More than 100 people are believed to be dead after record rainfall caused flooding and landslides in western Japan, a government spokesman says.
Dozens more are reported to be missing and electricity supplies have been hit.
Since July 5, parts of western Japan have received three times the usual rainfall for the whole of July. Two million people have been ordered to evacuate as rivers burst their banks.
On July 9, rescuers restarted their search through the mud for any survivors or the bodies of those killed.
An official in Okayama prefecture told AFP that water levels were gradually receding and that emergency teams may be able to access the worst-hit areas on foot.
The heavy rains began with a typhoon last week that was followed by days of record-breaking torrential rain.
In the town of Motoyama, on Shikoku island, 23in of rain fell between July 6 and July 7.
Many buildings have collapsed and vast areas have been covered in debris and thick mud.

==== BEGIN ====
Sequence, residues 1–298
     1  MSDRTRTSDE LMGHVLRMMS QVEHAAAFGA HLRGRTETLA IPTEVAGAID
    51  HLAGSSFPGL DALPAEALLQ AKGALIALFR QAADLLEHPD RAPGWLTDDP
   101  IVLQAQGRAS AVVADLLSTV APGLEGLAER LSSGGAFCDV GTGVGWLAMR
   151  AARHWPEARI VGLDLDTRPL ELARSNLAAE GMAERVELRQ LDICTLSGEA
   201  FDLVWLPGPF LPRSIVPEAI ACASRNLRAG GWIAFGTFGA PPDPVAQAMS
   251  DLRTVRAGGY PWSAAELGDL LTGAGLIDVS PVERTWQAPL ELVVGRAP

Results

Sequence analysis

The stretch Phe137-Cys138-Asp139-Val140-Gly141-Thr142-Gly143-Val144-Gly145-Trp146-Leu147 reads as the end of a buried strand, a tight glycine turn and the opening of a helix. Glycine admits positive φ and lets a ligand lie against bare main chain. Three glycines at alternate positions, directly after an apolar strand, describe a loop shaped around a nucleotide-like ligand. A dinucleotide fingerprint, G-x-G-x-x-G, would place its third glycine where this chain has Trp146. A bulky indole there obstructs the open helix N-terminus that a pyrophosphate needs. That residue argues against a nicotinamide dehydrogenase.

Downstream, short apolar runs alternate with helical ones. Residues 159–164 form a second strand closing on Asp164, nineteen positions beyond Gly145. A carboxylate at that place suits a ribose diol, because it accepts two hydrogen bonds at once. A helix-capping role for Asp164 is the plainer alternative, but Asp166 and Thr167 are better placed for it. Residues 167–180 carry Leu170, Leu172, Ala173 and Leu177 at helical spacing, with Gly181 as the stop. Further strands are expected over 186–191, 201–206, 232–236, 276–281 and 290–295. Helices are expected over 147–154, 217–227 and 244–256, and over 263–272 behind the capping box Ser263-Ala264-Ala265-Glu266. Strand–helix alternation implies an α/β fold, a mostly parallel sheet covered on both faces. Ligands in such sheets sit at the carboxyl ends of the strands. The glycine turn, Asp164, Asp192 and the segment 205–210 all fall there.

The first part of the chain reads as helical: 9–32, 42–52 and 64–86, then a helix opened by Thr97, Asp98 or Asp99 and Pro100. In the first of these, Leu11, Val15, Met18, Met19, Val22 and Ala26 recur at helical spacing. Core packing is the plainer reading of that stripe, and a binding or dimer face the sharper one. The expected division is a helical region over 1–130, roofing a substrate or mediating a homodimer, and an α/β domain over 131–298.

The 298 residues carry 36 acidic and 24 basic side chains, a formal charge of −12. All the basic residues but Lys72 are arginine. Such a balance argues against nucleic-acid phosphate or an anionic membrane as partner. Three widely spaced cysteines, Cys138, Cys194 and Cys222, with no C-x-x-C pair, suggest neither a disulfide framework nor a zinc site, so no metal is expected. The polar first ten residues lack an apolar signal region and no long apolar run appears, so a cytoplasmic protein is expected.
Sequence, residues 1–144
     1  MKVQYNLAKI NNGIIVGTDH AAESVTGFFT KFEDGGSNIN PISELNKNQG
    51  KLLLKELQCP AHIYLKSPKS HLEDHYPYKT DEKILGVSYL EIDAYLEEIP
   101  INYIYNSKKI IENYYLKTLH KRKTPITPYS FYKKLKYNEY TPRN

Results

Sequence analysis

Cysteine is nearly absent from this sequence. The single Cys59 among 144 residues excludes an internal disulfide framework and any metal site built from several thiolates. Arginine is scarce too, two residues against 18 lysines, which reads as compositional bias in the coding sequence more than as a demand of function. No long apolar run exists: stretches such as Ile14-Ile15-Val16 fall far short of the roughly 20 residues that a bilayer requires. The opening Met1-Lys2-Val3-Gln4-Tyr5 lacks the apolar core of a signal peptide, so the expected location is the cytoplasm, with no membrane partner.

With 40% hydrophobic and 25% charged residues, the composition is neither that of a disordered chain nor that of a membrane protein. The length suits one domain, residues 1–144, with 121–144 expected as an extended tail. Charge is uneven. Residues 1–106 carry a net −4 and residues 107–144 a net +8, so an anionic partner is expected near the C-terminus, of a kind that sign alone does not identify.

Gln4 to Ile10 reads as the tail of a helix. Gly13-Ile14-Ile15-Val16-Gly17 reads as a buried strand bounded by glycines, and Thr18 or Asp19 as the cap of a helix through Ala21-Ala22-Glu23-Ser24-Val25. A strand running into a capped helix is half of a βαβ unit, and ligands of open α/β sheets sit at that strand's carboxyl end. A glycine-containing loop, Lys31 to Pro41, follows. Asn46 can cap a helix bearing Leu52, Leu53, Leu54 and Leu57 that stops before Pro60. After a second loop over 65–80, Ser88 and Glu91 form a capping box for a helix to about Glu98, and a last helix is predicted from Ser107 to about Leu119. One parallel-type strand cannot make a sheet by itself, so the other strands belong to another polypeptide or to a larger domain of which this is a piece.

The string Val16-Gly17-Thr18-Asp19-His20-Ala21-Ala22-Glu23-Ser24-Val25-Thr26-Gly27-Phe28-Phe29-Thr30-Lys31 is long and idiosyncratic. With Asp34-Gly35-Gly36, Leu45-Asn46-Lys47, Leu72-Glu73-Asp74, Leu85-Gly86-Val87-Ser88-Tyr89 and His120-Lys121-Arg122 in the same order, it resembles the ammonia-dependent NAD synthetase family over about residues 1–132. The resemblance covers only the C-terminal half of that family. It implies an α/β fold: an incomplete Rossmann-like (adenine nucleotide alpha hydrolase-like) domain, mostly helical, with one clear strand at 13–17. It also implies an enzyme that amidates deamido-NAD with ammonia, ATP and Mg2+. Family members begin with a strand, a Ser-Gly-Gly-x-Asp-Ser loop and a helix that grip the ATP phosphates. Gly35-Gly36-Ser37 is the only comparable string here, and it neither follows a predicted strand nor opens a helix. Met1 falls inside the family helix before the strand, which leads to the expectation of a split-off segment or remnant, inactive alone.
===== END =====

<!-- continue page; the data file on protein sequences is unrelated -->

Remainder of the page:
Kumano is in the Hiroshima prefecture where most of the deaths have occurred.
Meanwhile, Japan’s PM Shinzo Abe has canceled a trip to Belgium, France, Saudi Arabia and Egypt following the floods.
On July 8, Shinzo Abe said that rescuers were “working against time” and increased the number of personnel deployed to help with the response to more than 70,000.
He told reporters: “There are still many people missing and others in need of help.”
Flood warnings are still in effect for some of the worst hit areas, including in Okayama prefecture.
However, more settled weather is expected over the next few days which is likely to help with the rescue effort.